Valid 171300Z – 181200Z
…THERE IS A SLIGHT RISK OF SEVERE THUNDERSTORMS ACROSS PARTS OF
THE SOUTHEAST STATES…
Isolated severe thunderstorms are possible from portions of northern
Florida to eastern North Carolina today.
Large-scale height falls will overspread much of the eastern CONUS
through tonight via a positive tilt trough extending from the
Appalachians southwestward to the Lower Mississippi Valley. A weak
surface wave along a cold front will continue to shift east of the
Appalachians and influence the mid-Atlantic region and Carolinas,
while the cold front otherwise continues east-southeastward and
clears the coastal Southeast by early/mid-evening with the exception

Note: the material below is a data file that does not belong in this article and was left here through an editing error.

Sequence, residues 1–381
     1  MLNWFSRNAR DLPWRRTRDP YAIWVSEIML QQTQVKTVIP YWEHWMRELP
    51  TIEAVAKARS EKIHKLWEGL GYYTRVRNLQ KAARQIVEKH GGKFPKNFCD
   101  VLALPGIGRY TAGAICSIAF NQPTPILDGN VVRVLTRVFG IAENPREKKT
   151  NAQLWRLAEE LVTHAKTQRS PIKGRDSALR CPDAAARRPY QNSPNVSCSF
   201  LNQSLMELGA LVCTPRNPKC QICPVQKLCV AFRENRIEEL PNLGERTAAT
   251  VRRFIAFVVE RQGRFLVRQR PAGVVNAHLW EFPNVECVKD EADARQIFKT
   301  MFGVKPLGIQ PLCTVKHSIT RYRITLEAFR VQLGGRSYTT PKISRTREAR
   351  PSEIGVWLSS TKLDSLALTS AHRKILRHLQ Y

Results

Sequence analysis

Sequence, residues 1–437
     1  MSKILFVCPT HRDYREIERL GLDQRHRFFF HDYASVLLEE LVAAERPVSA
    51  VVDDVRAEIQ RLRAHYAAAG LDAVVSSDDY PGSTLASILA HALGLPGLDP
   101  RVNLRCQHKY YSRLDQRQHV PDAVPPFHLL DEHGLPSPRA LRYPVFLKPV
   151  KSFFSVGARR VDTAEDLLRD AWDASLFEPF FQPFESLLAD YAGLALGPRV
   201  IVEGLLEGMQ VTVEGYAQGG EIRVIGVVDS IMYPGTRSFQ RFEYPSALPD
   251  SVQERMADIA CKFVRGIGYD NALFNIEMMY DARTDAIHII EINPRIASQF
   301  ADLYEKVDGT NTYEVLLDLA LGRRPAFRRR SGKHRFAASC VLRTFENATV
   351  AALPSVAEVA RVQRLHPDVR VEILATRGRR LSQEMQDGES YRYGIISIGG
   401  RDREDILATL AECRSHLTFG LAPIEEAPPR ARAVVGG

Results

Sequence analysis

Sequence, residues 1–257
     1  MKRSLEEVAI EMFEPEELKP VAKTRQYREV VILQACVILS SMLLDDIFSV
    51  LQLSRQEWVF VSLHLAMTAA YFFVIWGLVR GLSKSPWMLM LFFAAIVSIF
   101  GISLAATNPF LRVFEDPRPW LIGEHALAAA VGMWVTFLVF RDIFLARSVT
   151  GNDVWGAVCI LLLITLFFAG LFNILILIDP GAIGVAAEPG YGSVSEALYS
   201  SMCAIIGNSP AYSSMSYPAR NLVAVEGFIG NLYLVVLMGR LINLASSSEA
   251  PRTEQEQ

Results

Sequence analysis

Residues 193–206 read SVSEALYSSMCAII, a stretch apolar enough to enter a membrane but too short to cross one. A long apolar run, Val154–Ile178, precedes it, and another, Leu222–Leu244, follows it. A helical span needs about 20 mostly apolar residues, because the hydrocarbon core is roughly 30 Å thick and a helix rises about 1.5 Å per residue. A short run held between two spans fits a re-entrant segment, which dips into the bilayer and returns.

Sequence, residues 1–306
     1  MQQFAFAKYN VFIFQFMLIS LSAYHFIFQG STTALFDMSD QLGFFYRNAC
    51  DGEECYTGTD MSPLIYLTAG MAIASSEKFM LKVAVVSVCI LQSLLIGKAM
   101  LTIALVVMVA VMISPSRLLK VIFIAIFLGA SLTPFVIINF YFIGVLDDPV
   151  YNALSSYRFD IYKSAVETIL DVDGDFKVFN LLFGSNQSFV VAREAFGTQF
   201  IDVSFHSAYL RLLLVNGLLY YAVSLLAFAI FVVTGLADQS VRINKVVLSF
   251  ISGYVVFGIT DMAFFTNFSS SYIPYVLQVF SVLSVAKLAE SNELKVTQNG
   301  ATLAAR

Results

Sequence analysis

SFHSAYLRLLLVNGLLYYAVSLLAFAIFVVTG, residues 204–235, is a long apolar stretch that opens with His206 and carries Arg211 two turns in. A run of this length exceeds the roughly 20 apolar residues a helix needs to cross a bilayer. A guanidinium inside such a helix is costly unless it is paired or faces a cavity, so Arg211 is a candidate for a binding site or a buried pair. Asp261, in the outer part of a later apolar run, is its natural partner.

of the Florida Peninsula.
Although convection near the front has not been particularly intense
or organized early today, a southwest/northeast-oriented corridor of
stronger convection including episodic/transient supercells has
existed in the pre-frontal environment across the western Florida
Panhandle into far southeast Alabama since the overnight. This same
general regime will shift eastward as the prefrontal warm/moist
sector also expands east/northeastward today particularly across
northern Florida and southern/eastern Georgia. Although low-level
shear will tend to weaken into this afternoon, mid/high-level flow
will be more than adequate for sustained, potentially rotating
updrafts. Isolated damaging wind gusts and/or a tornado or two are
concerns, especially across far southeast Alabama and the Florida
Panhandle/northern Florida into southern Georgia where a categorical
Slight Risk has been introduced.
Farther north, while stronger shear will exist across the Carolinas,
latest thinking is that instability will remain too weak to justify
higher severe probabilities, particularly given existing early-day
showers and some thunderstorms ahead of the front.